“How Could I Feel the Spirit Again?,” Liahona, Oct. 2022.
Even during my darkest times, I have always felt peace in my trials through the Holy Ghost. But that changed when I underwent treatment for chronic pain that left me bedridden for two months.
The pain lessened after my treatment ended, but I began to struggle with depression. At the same time, it seemed to me that I had lost my ability to feel the Spirit.
For six months, I felt abandoned and desperately longed to feel the Spirit again. My healing was long and painful, which seemed even more daunting without the Spirit.
I met with my bishop, who explained that depression sometimes masks the Spirit so that we cannot feel it. His counsel comforted me, and a priesthood blessing from my husband gave me added strength as I waited hopefully to feel the Holy Ghost again.
General conference had always been a source of spiritual strength for me, but during the opening session of the April 2019 general conference, I felt nothing. That changed during the next session when a combined choir from Brigham Young University sang “Jesus, Once of Humble Birth.”1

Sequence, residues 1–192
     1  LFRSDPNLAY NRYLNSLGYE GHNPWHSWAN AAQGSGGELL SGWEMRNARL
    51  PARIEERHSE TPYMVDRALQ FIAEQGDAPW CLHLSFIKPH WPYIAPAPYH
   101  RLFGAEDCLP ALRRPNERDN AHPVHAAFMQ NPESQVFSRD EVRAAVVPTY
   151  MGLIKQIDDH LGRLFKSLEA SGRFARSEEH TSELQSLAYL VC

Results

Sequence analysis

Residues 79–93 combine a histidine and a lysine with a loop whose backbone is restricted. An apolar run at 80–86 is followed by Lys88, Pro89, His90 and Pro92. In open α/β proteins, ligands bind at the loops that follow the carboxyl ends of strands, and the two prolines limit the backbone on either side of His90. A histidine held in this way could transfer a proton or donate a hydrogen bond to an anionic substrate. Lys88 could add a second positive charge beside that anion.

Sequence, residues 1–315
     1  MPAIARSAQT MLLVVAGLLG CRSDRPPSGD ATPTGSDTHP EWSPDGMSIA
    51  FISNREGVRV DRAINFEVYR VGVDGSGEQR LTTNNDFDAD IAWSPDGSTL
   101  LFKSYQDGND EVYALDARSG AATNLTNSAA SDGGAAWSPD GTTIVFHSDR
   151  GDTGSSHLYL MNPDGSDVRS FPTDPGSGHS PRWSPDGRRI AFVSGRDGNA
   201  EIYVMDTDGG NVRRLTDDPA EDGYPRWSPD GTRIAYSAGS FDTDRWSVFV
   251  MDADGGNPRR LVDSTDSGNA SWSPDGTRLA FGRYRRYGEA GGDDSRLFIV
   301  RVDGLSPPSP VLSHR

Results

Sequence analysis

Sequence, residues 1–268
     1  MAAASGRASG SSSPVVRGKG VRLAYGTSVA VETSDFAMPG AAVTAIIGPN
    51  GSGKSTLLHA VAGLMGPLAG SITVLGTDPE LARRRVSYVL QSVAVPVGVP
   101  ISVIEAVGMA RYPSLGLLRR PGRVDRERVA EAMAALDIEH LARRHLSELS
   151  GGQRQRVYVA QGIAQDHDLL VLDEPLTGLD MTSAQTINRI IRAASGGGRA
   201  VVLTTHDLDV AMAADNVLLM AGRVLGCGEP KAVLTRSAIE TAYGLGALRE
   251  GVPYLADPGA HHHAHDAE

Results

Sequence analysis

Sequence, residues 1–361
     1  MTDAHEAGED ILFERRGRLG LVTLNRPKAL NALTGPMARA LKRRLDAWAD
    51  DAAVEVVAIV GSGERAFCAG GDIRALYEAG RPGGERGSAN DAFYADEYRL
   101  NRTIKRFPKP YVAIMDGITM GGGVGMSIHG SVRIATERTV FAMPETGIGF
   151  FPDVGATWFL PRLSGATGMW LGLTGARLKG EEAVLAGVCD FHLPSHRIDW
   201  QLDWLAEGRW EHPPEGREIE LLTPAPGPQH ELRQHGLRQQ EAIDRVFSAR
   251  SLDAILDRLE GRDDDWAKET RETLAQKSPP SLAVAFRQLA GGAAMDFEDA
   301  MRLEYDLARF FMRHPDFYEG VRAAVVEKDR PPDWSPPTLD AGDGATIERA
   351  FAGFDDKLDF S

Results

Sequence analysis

The lyrics and the imagery of Jesus Christ as a lamb softened my heart. I realized that a wall of anger, depression, and false feelings of abandonment had masked my ability to feel the Spirit. A fortress of darkness had surrounded me, making it impossible for the Spirit to enter my heart. When the choir sang the second verse, that fortress began to crumble.
Elder Jeffrey R. Holland of the Quorum of the Twelve Apostles followed the hymn with his talk “Behold the Lamb of God.”2 With the added power of his words, a love for the Savior and Heavenly Father washed over me.
Many impediments can hinder us from feeling the Spirit, but we can work through these barriers with help from Heavenly Father and His Son. Jesus Christ perfectly understands my struggles. Out of love for us and His Father, “He groaned in blood and tears.”3
Heavenly Father knows what will bring us comfort, and He knows when to bless us for our greatest spiritual growth.